He also delivered great performances in television serials like Chamatkar and Jeena Isi Ka Naam Hai, a talk show where he invited and interviewed people from all spheres of life.
Google in Sunday’s doodle remembers gem of Indian cinema late actor Farooque Shaikh, on his 70th birthday. Shaikh’s stunning body of work epitomise the actor’s impeccable comic timing, wit and humour. Films like Chashme Buddoor(1981), Umrao Jaan (1981), Bazaar(1982) are considered to be a great contribution to Parallel Cinema or New Wave Cinema. Other notable films to his name are Shatranj Ke Khiladi (1977), Noorie (1979), Saath Saath (1982). He also delivered great performances in television serials like Chamatkar and Jeena Isi Ka Naam Hai, a talk show where he invited and interviewed people from all spheres of life.
The actor was equally revered around the globe for his incredible stage performances. His play Tumhari Amrita (1992) in which he starred opposite Shabana Azmi is still considered to be his best performance. The play was written by Javed Siddiqui. Born in 1948 on this day, Shaikh passed away in a sudden heart attack at the age of 65 while holidaying in Dubai on December 27, 2013. His absence in Indian cinema has been felt by his followers over the years. Farooque Shaikh, eldest of five siblings, was brought up in Mumbai graduated from St. Xavier’s College and went on to study law from Siddharth College of Law, Mumbai. After his law career failed to take off, he took up acting.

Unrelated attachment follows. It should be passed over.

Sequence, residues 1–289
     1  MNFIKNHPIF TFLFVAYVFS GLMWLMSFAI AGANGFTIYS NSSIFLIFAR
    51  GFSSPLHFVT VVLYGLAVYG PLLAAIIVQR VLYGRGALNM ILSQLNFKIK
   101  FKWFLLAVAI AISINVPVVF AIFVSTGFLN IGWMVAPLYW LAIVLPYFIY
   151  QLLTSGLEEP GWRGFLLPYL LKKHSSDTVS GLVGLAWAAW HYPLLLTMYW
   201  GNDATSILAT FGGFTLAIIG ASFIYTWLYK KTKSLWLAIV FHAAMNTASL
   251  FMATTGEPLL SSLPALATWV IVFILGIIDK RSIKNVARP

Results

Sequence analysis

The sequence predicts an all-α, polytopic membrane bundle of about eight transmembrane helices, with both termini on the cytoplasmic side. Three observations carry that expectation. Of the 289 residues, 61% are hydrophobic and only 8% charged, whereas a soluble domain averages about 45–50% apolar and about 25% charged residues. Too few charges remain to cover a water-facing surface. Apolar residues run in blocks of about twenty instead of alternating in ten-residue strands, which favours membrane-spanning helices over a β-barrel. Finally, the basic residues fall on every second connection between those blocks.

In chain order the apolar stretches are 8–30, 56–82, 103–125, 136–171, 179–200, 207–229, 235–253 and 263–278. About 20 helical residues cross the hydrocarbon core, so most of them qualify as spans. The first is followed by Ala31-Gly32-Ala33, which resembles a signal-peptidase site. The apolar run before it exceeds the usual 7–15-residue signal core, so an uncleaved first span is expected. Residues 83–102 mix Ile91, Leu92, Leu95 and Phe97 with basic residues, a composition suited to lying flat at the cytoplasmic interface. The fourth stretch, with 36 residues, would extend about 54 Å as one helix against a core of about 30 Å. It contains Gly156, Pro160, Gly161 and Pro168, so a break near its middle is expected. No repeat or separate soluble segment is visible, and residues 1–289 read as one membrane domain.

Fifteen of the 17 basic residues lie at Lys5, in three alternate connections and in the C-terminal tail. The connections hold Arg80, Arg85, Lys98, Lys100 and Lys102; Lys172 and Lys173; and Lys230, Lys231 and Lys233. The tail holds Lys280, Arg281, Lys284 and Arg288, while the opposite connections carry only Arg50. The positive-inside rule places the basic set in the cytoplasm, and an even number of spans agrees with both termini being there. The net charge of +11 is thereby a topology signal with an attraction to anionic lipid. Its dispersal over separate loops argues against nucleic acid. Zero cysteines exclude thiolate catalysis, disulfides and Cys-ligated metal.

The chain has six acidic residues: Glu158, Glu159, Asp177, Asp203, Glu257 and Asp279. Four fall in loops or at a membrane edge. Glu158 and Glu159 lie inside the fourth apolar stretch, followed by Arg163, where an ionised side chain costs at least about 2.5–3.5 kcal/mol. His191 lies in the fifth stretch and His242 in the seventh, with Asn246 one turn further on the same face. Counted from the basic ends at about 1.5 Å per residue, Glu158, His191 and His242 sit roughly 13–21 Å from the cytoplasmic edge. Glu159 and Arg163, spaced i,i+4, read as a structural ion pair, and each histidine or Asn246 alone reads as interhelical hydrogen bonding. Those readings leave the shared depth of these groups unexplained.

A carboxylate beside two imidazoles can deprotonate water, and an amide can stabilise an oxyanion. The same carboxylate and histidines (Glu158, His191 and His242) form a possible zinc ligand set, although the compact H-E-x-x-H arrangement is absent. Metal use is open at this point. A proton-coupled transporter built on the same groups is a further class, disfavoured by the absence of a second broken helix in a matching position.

Farooque’s big break came in MS Sathyu’s Garam Hawa (1973) and acted in close to 48 films. Farooque’s on-screen chemistry with Deepti Naval created a lot of stir and they became quite a successful pair in Bollywood. Some of their successful films are Rang Birangi (1983), Chashme Buddoor, Kissi Se Na Kehna (1983), Saath Saath and others.
Google explaining the doodle wrote, “Today’s Doodle by Nimit Malavia is a tribute to Farouque Shaikh’s cinematic career in a style evocative of hand-painted movie posters of the 1970s, and especially Umrao Jaan. We see the wide-eyed romantic hero of the 1970’s mature into a comfortingly familiar TV presence of the 1990’s, bridging the gap between mainstream and arthouse cinema in India along the way.” Farooque Shaikh is also the recipient of National Award for Lahore in 2010.